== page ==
The Mosque of al-Maridani was built in 1339–40 for Amir Altinbugha, the saqi (cup-bearer), and al-Nasir Muhammad’s son-in-law. It is a mosque from the Cairo-Egyptian Mamluk Sultanate period. Situated in the Darb al-Ahmar neighborhood, south of Bab Zuweila. This mosque still retains much of its original furnishings. It was restored by the French Committee during 1895–1903. Nearly all available materials and techniques were applied at the time; including marble incrustation, stucco, wood carving, and stone carving. Like many other religious buildings, the interior of the Al-Maridani Mosque is moved with a stair-step structure to turn it towards Mecca at a different angle from that of the street alignment. It is a hypostyle mosque with marble columns supporting pointed stone arches and includes a domed, nine-bay maqsura before of the mihrab. The outside facades are decorated with recessed panels crowned with stalactites. It was one of the most extravagantly decorated mosques in Cairo at the time of its construction, distinguished by the first fully-octagonal minaret and wide dome, as well as other architectural developments. Its history and wealth are directly linked to al-Maridani’s life and popularity, as it was established with the patronage of his father-in-law, Sultan Muhammad, and substantial donations from his own pocket.
Courtyard of the Mosque of Amir al-Maridani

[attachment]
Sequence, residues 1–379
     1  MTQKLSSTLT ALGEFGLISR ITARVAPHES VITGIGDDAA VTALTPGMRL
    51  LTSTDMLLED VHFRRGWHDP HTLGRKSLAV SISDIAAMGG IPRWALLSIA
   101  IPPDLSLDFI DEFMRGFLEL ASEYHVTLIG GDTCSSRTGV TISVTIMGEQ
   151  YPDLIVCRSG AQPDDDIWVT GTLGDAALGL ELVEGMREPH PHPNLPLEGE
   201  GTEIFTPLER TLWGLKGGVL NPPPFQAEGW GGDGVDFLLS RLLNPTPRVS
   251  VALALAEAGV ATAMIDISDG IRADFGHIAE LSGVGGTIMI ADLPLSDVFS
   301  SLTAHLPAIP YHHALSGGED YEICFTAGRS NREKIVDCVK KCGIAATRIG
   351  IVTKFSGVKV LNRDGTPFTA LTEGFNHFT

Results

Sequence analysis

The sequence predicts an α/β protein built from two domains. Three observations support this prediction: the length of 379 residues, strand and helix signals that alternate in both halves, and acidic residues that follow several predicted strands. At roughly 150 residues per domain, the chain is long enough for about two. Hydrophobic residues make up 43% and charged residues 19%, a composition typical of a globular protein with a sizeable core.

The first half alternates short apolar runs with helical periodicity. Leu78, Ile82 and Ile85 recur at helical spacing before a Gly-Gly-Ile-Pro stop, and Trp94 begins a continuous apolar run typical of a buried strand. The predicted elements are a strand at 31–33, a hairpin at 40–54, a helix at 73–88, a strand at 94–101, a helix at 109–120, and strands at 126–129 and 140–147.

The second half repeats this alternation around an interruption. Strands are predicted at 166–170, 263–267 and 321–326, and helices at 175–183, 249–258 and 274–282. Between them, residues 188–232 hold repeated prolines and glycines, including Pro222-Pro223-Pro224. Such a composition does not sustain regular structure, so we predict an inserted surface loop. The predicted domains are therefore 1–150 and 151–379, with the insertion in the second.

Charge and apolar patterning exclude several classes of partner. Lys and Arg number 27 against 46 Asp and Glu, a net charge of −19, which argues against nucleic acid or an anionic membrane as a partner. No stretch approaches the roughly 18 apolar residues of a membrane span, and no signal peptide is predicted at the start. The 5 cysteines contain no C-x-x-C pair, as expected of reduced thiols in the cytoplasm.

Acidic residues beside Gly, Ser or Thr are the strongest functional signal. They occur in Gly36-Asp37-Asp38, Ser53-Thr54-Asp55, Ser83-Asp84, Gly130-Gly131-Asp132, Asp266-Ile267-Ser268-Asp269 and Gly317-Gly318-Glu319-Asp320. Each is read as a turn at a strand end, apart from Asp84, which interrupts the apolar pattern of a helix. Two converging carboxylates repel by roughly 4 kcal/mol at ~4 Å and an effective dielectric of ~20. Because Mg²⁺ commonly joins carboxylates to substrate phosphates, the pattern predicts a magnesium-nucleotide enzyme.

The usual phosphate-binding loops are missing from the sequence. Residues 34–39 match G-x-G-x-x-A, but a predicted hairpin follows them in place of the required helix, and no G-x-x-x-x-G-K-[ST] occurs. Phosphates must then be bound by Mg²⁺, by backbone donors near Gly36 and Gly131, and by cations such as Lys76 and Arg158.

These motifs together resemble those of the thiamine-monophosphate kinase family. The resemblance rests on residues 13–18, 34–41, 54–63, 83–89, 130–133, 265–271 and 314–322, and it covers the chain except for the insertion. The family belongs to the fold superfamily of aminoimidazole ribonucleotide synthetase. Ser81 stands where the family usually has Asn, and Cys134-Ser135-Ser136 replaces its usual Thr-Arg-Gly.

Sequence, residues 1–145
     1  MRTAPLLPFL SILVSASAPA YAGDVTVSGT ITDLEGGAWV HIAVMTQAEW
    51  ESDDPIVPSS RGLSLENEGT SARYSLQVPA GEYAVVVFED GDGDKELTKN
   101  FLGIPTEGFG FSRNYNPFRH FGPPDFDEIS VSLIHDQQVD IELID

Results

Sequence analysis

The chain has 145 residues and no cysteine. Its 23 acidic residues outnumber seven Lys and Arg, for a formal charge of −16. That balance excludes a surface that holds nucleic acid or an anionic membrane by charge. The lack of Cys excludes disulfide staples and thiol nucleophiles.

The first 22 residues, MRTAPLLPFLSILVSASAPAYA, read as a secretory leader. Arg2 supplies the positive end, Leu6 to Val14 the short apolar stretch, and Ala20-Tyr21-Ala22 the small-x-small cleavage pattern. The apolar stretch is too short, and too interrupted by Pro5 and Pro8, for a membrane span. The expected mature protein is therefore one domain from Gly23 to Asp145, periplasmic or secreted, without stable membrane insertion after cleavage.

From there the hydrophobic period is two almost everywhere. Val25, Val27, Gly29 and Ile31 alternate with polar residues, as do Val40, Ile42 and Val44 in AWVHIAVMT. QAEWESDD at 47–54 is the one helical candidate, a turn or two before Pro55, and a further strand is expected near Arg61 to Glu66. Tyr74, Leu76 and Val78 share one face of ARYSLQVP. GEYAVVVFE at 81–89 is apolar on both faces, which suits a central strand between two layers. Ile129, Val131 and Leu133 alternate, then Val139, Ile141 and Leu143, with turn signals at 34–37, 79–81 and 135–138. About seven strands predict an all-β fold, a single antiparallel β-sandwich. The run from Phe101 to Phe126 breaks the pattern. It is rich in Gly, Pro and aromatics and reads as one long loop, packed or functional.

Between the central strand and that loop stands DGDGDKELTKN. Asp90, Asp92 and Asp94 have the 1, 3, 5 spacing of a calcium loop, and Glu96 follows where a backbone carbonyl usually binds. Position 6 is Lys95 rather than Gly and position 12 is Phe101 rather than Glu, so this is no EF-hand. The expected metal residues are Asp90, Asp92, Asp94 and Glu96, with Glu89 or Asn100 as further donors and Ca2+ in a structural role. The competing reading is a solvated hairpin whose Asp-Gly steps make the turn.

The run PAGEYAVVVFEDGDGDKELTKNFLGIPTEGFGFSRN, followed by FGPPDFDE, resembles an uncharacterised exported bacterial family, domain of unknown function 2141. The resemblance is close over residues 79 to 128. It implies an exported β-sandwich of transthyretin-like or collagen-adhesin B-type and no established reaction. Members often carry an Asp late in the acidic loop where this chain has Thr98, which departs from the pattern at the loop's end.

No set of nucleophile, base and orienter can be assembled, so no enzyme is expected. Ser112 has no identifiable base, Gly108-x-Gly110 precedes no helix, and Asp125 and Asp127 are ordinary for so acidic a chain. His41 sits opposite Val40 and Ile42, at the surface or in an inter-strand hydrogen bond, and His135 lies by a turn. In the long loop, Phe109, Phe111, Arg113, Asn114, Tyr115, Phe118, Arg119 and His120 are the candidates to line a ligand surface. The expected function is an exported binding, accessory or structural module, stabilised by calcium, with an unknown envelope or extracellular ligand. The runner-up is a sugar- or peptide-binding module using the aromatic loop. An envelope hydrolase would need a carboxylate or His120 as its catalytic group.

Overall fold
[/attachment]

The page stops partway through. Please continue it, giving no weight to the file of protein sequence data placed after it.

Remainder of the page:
Marble, stone, and stucco are all employed within the courtyard facades. The marble columns, like those of the arcades, support pointed arches whose stone voussoirs are framed with an eternal molding forming a loop above the keystone of every arch. Above these arches may be a row of alternating keel-arched niches and medallions. One lozenge is above each medallion. The niches, medallions, and lozenges are all stucco-carved. A line of stepped crenellation decorated with stucco carved arabesques runs along the summit of the facades of the courtyard. The exterior façades are lined with recessed panels topped with two windows on each side, with stalactite hoods. A Quranic inscription band runs along the top. On the northern faade, the principal one is. A majestic portal encrusted with Muqarnas hood stones, it is set in a simple vaulted recess. The mosque’s interior consists of a wide-open central courtyard surrounded by four “riwaqs” arcaded halls; pointed stone arches lined with marble columns. Seen above those arches are rows of alternating keel-arched niches and medallions, above each medallion maybe a lozenge form. On the keystone of every arch, the stones are framed with a nonstop molding forming a loop. The minaret has a fully octagonal shaft and is surmounted by a pavilion consisting of eight slender columns surmounted by a bulb on a cornice of muqarnas. The courtyard area is divided by a mashrabiyya from the sanctuary, on which is a large inscription of the Qur’an. This wooden screen mostly shades the sanctuary from the courtyard’s light, making the double windows in the outer wall necessary. The Al-Maridani Mosque is considered one of the significant remaining mosques from the Mamluk era (1250 AD-1527 AD) that left behind a rich heritage of architectural buildings combining religious, funerary, educational, and other functions into multifunctional complexes.